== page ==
- The year so far is going great and I have adapted well to the flipped classroom. I even think I like it better than a traditional classroom.
- It is starting to get easier for me, know that I have gotten use to the flipped classroom.
- The year in the beginning was hard because I wasn't used to the flipped classroom but since I now have adjusted it really does help.
- The best part of the week was being able to work on the assignments in class and being able to not only ask others for help, but give them help and answering their questions because it helps both of us.
- My favorite part was taking the test and knowing that I was prepared for it.
- The best part of the week was learning the chants for unit G which really helped for the test.
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Saturday, October 12, 2013
Week 7 - students seem to be adjusted; good results continuing!
This was an insane but really good week.
This was the first full unit after my "integrity" speech with my Math Analysis students, and I continually tried to emphasize "Do the work to learn and master the material, not to get the signature and the points." I think it went fairly well. I'm obviously concerned that students won't be able to self-evaluate very well at this point and will end up doing poorly on the test. But, I think that lesson is best learned through experience.
They did have another test this week (Unit G) and did AMAZING! See pie charts of my class results here. It was a pretty tough test on analyzing the parts of rational functions, but students all said they thought it was easier than they expected because of the practice they did.
Looking at how my students have been performing this year, the last two units (F and G) have been VERY good. Units A-D were review units that they did over the summer, and E was our first "real" unit. I chatted with one of my classes about it and they made a conjecture that F and G have been better because they were more adjusted to the flipped classroom at that point. E was tough because it was the first real unit and they were still trying to figure out what to expect in my class. Hopefully that conjecture is true and it will continue!
On Wednesday I had the privilege of presenting at Chapman University in one of their Teacher Ed classes about Flipped Learning. It was awesome to see so many passionate and excited teachers with so many great questions about the flipped classroom and its implementation.
Speaking of presentations, I've got a lot coming up! Please feel free to sign up and join me (both are FREE!):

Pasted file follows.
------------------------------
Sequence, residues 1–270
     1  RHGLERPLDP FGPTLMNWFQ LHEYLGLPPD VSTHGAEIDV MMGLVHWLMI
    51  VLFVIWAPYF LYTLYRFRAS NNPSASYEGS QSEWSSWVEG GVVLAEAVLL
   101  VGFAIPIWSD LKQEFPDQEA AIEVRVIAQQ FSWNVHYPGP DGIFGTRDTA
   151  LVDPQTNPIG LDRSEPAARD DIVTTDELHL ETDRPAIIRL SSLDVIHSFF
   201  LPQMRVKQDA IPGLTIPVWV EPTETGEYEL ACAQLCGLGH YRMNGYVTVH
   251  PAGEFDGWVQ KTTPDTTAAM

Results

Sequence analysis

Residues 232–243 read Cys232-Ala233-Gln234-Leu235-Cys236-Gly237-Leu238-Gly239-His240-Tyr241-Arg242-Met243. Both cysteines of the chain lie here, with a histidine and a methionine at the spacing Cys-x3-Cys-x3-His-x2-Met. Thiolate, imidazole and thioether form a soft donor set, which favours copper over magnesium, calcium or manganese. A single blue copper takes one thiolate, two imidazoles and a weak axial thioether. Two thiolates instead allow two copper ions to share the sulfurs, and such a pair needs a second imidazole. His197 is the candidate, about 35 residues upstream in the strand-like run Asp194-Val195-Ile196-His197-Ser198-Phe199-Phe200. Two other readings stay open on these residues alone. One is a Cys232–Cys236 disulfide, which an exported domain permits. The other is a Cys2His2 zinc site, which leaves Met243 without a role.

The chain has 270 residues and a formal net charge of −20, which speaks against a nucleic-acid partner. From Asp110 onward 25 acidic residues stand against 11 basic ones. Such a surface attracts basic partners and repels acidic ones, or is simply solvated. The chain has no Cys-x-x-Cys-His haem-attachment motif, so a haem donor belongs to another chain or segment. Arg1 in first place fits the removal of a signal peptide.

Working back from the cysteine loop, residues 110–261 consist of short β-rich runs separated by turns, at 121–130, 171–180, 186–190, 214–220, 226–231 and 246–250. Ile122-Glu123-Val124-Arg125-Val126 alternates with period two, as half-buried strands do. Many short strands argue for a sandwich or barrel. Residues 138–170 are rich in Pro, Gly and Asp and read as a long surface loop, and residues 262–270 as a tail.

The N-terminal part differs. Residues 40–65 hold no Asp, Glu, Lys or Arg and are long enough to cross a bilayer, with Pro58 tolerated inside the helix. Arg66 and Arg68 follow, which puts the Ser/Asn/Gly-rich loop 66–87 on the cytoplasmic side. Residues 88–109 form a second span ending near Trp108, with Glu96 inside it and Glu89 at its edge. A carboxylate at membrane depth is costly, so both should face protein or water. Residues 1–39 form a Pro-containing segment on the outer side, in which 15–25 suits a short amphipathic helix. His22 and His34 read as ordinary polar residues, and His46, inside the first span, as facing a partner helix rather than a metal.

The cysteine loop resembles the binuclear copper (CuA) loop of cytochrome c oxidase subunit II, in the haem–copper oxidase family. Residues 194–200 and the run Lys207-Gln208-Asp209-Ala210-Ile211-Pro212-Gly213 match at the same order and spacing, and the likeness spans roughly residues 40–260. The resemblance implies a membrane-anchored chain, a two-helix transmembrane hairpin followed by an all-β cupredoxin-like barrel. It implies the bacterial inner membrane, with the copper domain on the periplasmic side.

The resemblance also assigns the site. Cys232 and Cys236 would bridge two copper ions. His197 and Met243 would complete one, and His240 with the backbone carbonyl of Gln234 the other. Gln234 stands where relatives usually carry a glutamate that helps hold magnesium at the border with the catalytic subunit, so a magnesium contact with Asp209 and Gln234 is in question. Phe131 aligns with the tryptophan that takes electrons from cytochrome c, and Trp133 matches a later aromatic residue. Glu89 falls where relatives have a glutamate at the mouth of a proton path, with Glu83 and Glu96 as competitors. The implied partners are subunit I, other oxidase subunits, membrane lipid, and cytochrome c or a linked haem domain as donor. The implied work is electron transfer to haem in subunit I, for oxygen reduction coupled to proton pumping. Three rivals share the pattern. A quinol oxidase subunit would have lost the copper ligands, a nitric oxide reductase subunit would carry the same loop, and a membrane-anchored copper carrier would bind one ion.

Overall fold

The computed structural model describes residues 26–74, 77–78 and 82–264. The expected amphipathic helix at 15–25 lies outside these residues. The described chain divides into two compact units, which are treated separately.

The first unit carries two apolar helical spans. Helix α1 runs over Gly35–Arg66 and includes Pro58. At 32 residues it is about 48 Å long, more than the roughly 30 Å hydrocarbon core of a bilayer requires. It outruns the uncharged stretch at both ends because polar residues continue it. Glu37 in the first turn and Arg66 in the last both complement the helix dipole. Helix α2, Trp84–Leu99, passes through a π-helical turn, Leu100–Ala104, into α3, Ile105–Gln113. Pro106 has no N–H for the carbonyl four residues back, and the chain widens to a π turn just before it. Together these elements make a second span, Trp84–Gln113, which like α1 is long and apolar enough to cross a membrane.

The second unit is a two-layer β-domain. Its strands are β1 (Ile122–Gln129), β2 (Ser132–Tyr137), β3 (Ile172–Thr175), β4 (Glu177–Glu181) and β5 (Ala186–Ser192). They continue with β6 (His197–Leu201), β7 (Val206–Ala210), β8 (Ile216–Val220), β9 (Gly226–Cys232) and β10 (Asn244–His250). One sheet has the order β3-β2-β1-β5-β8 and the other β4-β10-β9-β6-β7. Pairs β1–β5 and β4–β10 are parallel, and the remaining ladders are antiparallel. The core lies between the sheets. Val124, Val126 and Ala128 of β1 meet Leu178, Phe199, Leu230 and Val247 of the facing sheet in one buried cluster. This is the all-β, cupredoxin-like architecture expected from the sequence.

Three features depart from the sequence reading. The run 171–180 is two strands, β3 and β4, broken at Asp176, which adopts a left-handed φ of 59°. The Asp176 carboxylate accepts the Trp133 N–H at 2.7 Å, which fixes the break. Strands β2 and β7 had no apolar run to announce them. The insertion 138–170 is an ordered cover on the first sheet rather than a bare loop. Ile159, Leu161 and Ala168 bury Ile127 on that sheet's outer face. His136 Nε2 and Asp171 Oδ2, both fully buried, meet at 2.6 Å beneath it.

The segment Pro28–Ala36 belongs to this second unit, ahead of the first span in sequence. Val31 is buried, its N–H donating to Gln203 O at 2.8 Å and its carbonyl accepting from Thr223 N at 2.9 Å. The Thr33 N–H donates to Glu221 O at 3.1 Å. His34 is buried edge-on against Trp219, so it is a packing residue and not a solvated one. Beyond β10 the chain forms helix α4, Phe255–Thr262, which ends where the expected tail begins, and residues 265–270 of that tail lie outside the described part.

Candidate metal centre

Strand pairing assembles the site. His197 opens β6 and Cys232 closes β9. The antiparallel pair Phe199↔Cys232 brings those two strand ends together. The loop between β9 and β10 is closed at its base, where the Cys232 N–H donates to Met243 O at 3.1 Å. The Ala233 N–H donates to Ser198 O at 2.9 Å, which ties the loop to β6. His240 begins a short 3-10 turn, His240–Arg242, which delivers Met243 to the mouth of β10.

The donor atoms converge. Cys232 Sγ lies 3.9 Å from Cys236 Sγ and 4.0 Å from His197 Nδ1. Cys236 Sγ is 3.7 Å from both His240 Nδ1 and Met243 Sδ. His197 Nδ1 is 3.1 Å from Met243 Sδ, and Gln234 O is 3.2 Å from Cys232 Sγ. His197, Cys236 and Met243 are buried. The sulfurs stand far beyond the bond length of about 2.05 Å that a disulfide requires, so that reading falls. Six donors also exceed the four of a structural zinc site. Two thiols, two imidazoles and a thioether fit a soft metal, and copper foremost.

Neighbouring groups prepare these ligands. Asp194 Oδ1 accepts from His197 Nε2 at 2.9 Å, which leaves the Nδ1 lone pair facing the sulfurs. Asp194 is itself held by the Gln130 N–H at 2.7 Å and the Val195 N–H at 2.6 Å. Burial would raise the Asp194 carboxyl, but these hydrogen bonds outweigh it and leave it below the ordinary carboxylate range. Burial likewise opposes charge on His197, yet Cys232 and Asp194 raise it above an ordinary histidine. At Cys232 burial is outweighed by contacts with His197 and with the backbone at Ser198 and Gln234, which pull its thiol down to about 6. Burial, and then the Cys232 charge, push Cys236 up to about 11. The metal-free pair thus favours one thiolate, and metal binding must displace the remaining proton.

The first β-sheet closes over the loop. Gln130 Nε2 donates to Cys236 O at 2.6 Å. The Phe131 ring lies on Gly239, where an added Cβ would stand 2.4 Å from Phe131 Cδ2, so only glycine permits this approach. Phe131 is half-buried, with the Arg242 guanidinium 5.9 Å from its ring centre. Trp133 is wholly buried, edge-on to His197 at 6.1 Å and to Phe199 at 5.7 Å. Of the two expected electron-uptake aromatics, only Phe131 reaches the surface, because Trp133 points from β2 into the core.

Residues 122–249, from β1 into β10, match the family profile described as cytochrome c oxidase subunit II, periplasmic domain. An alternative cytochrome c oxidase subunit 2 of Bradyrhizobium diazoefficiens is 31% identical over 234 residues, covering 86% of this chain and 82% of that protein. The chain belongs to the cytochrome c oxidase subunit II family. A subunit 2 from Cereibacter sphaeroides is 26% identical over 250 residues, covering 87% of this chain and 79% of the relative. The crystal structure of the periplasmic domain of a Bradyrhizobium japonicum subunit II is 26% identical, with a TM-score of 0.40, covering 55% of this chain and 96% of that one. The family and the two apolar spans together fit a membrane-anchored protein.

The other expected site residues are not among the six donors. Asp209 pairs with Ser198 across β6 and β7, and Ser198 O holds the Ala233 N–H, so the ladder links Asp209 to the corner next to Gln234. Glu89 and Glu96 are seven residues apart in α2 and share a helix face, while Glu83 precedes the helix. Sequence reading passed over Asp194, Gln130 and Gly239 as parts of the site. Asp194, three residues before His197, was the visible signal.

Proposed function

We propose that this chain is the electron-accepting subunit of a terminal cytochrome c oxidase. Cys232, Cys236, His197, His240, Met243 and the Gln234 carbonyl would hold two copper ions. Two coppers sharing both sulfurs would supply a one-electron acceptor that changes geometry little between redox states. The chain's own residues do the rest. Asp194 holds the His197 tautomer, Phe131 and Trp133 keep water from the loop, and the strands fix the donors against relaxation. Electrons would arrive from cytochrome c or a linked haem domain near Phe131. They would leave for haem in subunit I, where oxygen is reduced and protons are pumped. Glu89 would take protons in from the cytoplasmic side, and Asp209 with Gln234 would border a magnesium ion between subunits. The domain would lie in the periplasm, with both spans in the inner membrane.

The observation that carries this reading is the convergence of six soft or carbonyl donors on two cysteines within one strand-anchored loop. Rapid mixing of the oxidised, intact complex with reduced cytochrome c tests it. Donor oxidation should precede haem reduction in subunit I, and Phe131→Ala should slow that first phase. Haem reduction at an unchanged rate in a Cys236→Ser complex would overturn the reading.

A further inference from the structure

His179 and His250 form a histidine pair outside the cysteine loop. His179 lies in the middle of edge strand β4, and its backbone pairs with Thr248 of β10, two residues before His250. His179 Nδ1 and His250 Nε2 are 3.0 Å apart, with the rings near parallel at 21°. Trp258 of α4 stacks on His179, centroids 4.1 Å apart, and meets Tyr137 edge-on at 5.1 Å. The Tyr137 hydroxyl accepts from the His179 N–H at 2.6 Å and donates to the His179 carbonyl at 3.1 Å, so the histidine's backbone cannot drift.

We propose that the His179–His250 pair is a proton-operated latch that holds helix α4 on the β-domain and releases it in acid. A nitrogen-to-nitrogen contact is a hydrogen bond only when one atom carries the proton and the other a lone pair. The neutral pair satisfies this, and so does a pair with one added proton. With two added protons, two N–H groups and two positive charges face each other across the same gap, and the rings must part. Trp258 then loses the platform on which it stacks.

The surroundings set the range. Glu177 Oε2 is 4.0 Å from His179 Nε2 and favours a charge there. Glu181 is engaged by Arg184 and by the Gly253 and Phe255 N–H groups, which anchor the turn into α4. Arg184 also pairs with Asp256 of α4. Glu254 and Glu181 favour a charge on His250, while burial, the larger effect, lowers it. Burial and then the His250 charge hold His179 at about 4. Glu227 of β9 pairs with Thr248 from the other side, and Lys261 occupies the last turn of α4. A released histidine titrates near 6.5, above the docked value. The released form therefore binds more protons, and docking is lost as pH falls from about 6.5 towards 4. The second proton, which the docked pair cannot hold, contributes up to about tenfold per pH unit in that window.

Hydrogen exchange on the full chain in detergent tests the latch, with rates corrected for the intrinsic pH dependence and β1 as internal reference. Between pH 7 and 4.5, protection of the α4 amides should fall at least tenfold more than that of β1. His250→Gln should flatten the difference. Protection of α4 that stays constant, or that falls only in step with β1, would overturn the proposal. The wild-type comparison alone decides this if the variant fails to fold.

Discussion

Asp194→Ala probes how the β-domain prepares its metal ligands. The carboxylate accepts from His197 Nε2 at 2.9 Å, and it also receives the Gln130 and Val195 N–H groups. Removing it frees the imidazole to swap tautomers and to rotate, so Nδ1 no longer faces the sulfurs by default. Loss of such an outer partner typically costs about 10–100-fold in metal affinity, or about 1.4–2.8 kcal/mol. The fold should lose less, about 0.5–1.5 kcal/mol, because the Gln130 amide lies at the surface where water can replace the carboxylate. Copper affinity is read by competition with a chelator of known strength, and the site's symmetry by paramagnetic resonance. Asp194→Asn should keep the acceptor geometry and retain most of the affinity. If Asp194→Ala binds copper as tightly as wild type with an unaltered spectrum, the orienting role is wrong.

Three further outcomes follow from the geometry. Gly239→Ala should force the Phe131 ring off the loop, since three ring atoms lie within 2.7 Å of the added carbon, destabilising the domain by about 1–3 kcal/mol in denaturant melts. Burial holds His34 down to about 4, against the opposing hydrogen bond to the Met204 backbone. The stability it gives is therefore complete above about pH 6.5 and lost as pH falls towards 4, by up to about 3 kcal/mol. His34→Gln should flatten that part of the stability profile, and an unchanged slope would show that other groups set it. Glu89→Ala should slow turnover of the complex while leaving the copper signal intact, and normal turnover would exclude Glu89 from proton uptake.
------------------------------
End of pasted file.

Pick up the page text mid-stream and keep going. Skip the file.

I wrote in a previous post about my explorations with Peer Instruction as a part of my WSQ chats (thanks to Troy Faulkner for commenting about his recent appearance on Jon Bergmann's podcast "The Flip Side" talking about Peer Instruction, find it here!). I also tried a modified version of what I described on Friday. Instead of doing it whole-class, each student was given a half-sheet of paper with 7 problems on it (w/ multiple choice answers). They were given 2 minutes to solve them all (they were quick and easy log problems). At the end of the two minutes, they all had to put their pencils down. I had each group choose a group leader, whose basic role was to lead the group in going over the answers and then explaining the right answers to anyone who did not get it right. I then went around and checked their "scores" and checked in with any student who didn't get 7/7. I thought it was a nice change to the whole-class peer instruction method I've been using.
I came up with a tentative could-be inquiry activity for using the properties of logs to develop the properties for expanding and condensing logs. It's too late to use as an inquiry this year (students are watching the video this weekend going over the laws), but I'm going to use it as a WSQ chat activity on Monday instead. You can see the worksheet I made here. We'll see how it goes. I want students to see that using the properties they already know (converting from logarithmic to exponential form, change of base formula, etc) they can actual derive the product, quotient, and power properties used in expanding and condensing.
I've talked over my ideas for flipping my "Course 1" (algebra 1) Common Core course with another teacher and think I have some better ideas for what I want to do. Now I just have to find the time to record the videos! Basically, I want to take any of the mini direct instruction lessons that are needed and put those on videos for students to watch during class time on our iPods or laptops. I have enough devices for students to do this in partners (which I would pick for them, of course). Then, instead of spending 15-25 minutes going over the instructions, directions, basics, etc, students could watch a 5 minute video which they could speed up or slow down to meet their needs. I just feel like it is not effective at all standing up front delivering that instruction, even though I have smaller classes this year (35 and 28, respectively). It goes against everything in my teaching philosophy. However, there is still some instruction needed so I have to find a better way. I will definitely blog as I am able to get started with it, which I really hope is soon...
Some student comments from this week's reflection and feedback survey: